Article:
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SuperBowl rules differ from Grey Cup

By Kristy Koehler, January 23 2020 —

Football on both sides of the 49th Parallel has either recently wrapped up or is headed into Championship mode. The National Football League recently gave way to a clear-as-mud playoff picture and the Canadian Football League teams finished their fight for the Grey Cup. American College football playoffs just finished and the Canadian varsity version of the SuperBowl — the Vanier Cup — was won by the University of Calgary Dinos.

With hours of glorious gridiron available, you’d think fans would be in heaven. But, even the most die-hard football fans rarely follow both leagues. NFL purists maintain that the CFL is a cheap facsimile of the American spectacle. Lovers of the CFL say they don’t watch the American version of their game. The game was invented in Canada… but that’s a story for another time. 

If you don’t normally follow both the CFL and the NFL and tune in to watch the opposite league, you might be a bit confused. For all their similarities, they can sometimes look like entirely different games.

There’s no denying that the NFL produces a glitzier product — multimillion-dollar contracts, televised draft spectacles, merchandise from cheese boards to car decals and theme songs written by major recording artists. But, does that mean the NFL is better football? Not necessarily. It’s just different.

As the SuperBowl approaches, you Canadian football aficionados might be a bit confused if you aren’t used to watching the American game. And, if you’re a regular NFL-watcher, some of the things that make you grit your teeth and wish the game were different, might just drive you to watch the northern version when it kicks off again later this year. 

There are actually many rule differences between the two games, but in the interest of a brief overview, here is a very simplified version of the most noticeable ones.


Organizational Structure:

The CFL has nine teams — until 2006 two of them were called the Roughriders. Wait, sorry, there was a key difference — one was the Roughriders and the other was the Rough Riders. Yeah… Anyway, there are two conferences in the CFL — East and West. The NFL, by comparison, has 32 teams, two divisions and four divisions in each conference. 

It’s pretty easy to determine which CFL team is going to end up in the playoffs. On the other hand, if you have a doctorate in statistics, you might understand the NFL playoffs. Then again, maybe not. In the NFL, trying to predict whether or not your team is going to make the post-season is a bit like trying to predict the weather three years from now with a crystal ball made out of wood. “If the Chiefs win and the Raiders lose and the Vikings tie with a team they won’t actually be playing against and if you carry the one while standing on your head and the referee passes out during the coin toss, then the Eagles will get a Wild Card spot, but only if the NFL commissioner wears green and eats cheese on a Thursday.”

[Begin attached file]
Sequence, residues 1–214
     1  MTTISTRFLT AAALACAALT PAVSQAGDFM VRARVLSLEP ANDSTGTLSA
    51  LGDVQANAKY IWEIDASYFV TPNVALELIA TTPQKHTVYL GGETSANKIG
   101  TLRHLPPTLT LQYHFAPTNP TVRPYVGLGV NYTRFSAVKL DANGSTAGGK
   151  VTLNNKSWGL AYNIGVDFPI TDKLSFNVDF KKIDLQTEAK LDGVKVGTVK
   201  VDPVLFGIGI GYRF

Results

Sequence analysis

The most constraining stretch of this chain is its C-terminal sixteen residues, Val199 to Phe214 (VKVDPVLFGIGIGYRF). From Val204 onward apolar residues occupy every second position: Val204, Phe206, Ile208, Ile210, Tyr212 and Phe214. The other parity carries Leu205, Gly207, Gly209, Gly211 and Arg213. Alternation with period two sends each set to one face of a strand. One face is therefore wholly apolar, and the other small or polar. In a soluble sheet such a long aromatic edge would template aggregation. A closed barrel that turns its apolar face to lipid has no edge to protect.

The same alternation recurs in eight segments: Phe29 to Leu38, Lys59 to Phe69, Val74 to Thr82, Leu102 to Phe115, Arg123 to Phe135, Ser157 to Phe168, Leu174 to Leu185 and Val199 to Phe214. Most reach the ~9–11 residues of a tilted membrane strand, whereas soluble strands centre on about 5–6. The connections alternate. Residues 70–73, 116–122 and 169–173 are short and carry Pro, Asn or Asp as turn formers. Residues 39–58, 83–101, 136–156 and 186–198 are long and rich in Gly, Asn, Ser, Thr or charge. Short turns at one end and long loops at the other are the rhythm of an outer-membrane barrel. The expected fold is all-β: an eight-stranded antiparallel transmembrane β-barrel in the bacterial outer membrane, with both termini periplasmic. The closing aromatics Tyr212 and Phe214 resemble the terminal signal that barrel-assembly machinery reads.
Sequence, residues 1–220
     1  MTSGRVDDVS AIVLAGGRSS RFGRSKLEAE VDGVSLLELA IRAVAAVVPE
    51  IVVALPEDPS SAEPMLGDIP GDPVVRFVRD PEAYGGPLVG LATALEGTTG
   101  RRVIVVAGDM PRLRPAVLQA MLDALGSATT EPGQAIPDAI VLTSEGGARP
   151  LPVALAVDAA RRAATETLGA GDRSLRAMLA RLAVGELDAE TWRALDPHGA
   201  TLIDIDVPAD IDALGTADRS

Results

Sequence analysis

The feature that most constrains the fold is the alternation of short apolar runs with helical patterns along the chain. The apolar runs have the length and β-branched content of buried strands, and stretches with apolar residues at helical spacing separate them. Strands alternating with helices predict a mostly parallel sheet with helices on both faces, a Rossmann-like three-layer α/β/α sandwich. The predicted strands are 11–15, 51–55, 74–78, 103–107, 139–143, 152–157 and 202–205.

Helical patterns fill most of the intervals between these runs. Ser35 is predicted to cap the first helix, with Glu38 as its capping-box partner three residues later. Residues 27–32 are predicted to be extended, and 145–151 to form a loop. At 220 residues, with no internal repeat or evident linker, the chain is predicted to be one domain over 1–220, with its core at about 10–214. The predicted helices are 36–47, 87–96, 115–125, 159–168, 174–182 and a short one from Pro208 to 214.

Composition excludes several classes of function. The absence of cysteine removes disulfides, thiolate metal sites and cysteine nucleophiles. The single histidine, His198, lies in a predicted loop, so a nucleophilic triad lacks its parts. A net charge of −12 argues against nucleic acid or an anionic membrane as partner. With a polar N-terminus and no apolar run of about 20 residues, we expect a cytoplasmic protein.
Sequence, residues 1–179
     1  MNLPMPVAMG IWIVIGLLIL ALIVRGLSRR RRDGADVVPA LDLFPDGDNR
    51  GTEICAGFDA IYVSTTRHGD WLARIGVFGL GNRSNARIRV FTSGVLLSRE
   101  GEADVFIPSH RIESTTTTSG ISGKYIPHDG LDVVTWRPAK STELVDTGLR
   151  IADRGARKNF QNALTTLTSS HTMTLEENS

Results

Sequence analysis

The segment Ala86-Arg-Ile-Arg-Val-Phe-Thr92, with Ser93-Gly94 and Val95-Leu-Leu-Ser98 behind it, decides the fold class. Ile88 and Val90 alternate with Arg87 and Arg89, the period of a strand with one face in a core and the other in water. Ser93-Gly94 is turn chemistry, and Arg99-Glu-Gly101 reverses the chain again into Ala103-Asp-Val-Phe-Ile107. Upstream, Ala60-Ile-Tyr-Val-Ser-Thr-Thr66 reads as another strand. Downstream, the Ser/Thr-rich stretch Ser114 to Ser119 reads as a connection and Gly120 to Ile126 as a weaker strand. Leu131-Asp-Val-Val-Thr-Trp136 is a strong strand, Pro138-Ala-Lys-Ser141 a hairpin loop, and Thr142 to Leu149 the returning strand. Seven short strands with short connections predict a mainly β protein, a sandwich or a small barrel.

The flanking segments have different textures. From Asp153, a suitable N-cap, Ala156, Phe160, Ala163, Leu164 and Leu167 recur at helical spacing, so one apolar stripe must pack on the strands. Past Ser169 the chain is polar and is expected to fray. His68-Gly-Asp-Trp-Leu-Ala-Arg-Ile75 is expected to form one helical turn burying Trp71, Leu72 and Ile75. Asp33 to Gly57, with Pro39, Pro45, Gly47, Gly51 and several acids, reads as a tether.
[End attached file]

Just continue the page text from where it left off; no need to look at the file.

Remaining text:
The CFL season is a little longer — as of 2019, the CFL has a 21-week regular season — each team plays 18 games and has three bye weeks. There are 17 weeks in the NFL season and teams play 16 of them. Also, the CFL season starts in June. Likely by necessity. Can you imagine playing through December and January in Canada? Sure, the NFL has some cold-weather markets like Buffalo and Pittsburgh, but one year, for the Grey Cup half time show, Shania Twain was transported to her mid-field stage in a blizzard by a dog sled…. 


Offense:

The most noticeable difference in gameplay is that the CFL has one less down — three to the NFL’s four. This generally means that In Canadian football, teams have to be more offensively aggressive — going two and out is no good so a CFL team making a play on third and short is far more common than an NFL team taking a chance on fourth and short. As a result, those fantastic, almost field-length throws are far more common north of the border. It makes no sense to grind out a couple of yards when there are only three opportunities.


Fair Catch:

In the NFL, the team on the receiving end of a punt or kickoff can signal for a fair catch. Once the receiver makes the signal, the kicking team cannot interfere with his attempt to catch the ball. The receiving team’s offensive drive begins from the spot of the catch. 

I hate the fair catch rule. Designed to protect the receiver — he’s pretty vulnerable when trying to catch a punt or kickoff — the rule is understandable. But, it’s boring. In the CFL, the receiving team makes a play


Overtime:

I hate NFL overtime rules. Loathe them. Am incensed by them — and yes, even when it works out in favour of my team. The team who successfully calls the coin toss gets the first possession of the ball. If they score a touchdown, that’s it. The other team does not get the opportunity to respond.

The referees always explain the overtime rules to the crowd by saying “Each team will get an opportunity to possess the ball.” My dude! That’s false advertising. Sure, the team who doesn’t guess their heads from their tails has the opportunity to possess the ball — but only if they stop the other team before a touchdown. Football teams are built on the combination of offense and defense, so the common argument that if one team’s defense was better, they’d have stopped the other team’s offense doesn’t fly with me. I genuinely think that if one team scores a touchdown, the other team should have the opportunity to respond. That’s where the CFL excels.


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